On the night of January 31, 2020, United Kingdom (UK) ceased to be a member of the European Union (EU) after about 47 years, leaving EU with 27 member states.
The UK has now entered an 11-month transition period until December 2020.
Speaking on the night of exit, UK Prime Minister Boris Johnson said: “Tonight, we are leaving the European Union. For many people, this is an astonishing moment of hope, a moment they thought would never come. And there are many of course who feel a sense of anxiety and loss.
And then of course there is a third group – perhaps the biggest – who had started to worry that the whole political wrangle would never come to an end.”
But how will this ‘EU divorce’ affect Uganda?
Some economists believe UK’s interest in trade matters will continue while UK support to Uganda in form of development aid will continue given its historical background with Uganda.
Impact on aid
In an interview with Prosper Magazine, a research fellow at Economic Policy research Centre (EPRC), Mr Corti Paul Lakuma, said: “Brexit may affect the flow of aid to Uganda through various channels.
First, the UK was the third-largest contributor to the European Development Fund (EDF), behind Germany and France. It follows that nearly 60 per cent of the UK’s official development aid has been provided through bilateral means while the remainder is channeled through multilateral agencies or partners (such as the EU).”
Mr Lakuma said Brexit will, therefore, have the effect of causing UKAID/ DFID to refocus 100 per cent of development aid towards its national priorities and interests.
“This arrangement suggests that aid to Uganda from the UK will increase. However, it also means aid to Uganda from the EU may reduce. What remains to be established is the magnitude of reduction in EU aid to Uganda,” he said.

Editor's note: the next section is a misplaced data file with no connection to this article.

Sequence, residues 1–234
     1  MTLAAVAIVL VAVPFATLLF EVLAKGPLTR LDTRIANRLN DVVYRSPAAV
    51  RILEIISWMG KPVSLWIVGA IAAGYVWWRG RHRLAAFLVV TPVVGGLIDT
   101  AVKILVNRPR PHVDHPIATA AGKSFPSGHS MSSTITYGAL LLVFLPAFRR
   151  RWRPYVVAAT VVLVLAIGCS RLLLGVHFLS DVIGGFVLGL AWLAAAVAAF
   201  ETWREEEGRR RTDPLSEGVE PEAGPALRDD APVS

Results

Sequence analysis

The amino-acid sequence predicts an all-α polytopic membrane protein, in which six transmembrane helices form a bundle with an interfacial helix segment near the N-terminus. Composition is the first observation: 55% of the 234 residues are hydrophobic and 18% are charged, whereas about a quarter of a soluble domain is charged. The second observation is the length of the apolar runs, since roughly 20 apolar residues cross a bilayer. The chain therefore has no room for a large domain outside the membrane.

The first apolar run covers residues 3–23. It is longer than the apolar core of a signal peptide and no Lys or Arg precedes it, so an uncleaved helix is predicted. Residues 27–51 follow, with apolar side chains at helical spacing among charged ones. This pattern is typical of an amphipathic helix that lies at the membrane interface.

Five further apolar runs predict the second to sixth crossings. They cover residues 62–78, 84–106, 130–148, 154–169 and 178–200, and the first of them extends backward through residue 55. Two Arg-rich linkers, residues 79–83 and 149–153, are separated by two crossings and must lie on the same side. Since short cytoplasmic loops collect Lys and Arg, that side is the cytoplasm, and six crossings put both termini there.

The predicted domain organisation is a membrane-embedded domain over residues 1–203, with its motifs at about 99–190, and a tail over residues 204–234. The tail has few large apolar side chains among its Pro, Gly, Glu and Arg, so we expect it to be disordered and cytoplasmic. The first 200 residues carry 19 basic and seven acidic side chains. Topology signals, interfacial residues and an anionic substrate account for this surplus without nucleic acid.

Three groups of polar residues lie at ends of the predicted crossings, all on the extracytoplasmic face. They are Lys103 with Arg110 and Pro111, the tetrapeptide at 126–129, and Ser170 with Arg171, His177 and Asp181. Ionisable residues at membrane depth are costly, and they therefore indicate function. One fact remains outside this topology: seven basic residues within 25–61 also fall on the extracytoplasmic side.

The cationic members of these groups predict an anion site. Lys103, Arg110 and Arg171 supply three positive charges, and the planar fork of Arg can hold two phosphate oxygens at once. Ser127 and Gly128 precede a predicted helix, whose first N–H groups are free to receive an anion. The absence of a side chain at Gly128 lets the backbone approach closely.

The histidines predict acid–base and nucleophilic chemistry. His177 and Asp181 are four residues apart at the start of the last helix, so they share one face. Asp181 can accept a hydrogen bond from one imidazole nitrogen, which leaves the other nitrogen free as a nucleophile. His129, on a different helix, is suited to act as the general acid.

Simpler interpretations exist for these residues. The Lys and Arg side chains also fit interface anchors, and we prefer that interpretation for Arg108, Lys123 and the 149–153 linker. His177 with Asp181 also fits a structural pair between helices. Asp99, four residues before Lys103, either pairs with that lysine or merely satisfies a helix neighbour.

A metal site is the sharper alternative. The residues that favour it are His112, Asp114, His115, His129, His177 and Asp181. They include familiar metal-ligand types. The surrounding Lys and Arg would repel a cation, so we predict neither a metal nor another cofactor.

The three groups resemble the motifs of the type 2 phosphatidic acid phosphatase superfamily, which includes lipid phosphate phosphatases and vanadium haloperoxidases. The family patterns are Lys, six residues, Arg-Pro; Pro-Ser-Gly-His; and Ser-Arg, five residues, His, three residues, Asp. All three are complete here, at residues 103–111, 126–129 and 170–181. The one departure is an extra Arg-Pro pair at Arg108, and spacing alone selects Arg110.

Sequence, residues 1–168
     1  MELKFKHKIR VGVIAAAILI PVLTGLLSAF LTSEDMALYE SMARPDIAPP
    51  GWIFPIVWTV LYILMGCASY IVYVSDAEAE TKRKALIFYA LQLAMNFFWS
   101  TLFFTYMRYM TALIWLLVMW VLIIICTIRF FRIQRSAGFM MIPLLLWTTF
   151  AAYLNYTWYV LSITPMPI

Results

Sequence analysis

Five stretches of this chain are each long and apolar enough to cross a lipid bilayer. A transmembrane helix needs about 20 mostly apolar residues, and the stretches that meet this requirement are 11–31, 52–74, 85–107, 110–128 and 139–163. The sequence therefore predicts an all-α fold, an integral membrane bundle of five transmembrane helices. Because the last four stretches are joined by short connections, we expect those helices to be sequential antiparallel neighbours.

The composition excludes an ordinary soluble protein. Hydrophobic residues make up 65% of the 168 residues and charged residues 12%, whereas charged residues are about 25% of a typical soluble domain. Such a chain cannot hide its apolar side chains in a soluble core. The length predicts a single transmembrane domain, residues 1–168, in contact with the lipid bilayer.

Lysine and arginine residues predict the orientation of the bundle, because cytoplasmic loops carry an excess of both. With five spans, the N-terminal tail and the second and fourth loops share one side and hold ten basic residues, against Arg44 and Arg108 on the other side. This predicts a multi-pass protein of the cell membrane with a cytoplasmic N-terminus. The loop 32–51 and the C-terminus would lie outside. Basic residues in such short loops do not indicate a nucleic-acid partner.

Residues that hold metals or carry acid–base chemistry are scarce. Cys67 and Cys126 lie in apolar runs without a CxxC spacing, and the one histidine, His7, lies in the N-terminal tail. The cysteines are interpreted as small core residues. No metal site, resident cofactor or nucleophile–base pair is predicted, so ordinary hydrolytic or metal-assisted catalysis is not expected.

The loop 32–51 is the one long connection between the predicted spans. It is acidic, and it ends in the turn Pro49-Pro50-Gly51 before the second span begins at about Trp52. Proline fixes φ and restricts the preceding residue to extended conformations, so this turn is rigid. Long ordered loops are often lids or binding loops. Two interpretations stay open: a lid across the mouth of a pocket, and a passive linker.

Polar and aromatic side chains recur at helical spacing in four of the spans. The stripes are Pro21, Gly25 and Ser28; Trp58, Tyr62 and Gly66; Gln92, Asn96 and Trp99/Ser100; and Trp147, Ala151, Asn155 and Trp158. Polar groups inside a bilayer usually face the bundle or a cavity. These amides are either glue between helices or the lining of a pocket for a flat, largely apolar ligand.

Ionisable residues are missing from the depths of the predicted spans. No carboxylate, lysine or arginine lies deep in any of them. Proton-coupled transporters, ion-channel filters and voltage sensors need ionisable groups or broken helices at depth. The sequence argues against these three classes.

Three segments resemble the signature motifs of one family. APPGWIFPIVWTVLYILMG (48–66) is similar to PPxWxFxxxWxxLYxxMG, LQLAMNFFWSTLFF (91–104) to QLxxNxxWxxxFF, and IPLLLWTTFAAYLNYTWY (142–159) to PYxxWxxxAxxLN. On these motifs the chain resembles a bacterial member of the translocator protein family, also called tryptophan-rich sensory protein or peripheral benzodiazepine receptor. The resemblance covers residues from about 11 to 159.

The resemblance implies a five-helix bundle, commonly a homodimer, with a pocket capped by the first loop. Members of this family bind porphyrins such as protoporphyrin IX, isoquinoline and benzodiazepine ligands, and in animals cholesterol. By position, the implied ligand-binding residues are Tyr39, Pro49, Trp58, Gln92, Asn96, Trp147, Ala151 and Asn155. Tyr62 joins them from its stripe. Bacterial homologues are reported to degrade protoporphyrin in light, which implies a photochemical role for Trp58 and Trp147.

Mr Lakuma said the second channel is that the UK will lose preferential market access to the EU, leading to increased trade costs, a depreciation of the UK currency associated with a fall in British imports. As a consequence, this can have a ripple effect of reduction reallocation of UK foreign aid expenditure.
Largest single market
The European Union – the world’s largest single market area – is one of the most outward-oriented economies in the world. Free trade among its members was one of the EU’s founding principles, and it is committed to opening up world trade as well.
The EU actively engages with countries or regional groupings to negotiate trade agreements. These agreements grant mutually-beneficial access to the markets of both the EU and the countries concerned.
The UK was a member of the EU for 47 years and countries like Uganda trade with EU as a bloc although they can also trade bilaterally.
Dr Muhumuza said: “We may have to change some of the trade agreements that were based on the EU to customise them to the UK in case of need. Otherwise, nothing much to worry about at this point in time.”
The UK-Africa Investment Summit on 20 January 2020 laid the foundations for new partnerships between the UK and African nations based on trade, investment, shared values and mutual interest. Billions of pounds of new commercial deals were announced highlighting the strength of the UK’s offer and existing relationship with Africa.
Impact of brexit
The UK trade with EU constitutes 49 per cent, with the rest of the world 40 per cent and 11 per cent with countries with the EU trade agreement. In terms of trade, Mr Lakuma said Uganda will bear a low cost of Brexit because it signed a continuity agreement with the UK.
“This will support Uganda’s exports to remain stable or reduce less significantly than countries that have not signed the agreement such as Ghana. However, a no – deal Brexit will reduce Uganda’s exports by as much as 20 per cent,” he said.
The UK is one of Uganda’s active development partners, providing aid to Uganda through Department for International Development to support the country’s economic development initiatives in social sectors of the economy.
Dr Fred Muhumuza, a lecturer at the School of Economics and Management at Makerere University told Prosper that there is likely to be little change in Uganda because UK has been involved in Uganda’s development programmes.
“Not much really given the historical relationships and nature of trade between us that is limited to a few enterprises, except for tourism and few agric crops. However, we might see Britain increase interest and possible support through DFID.”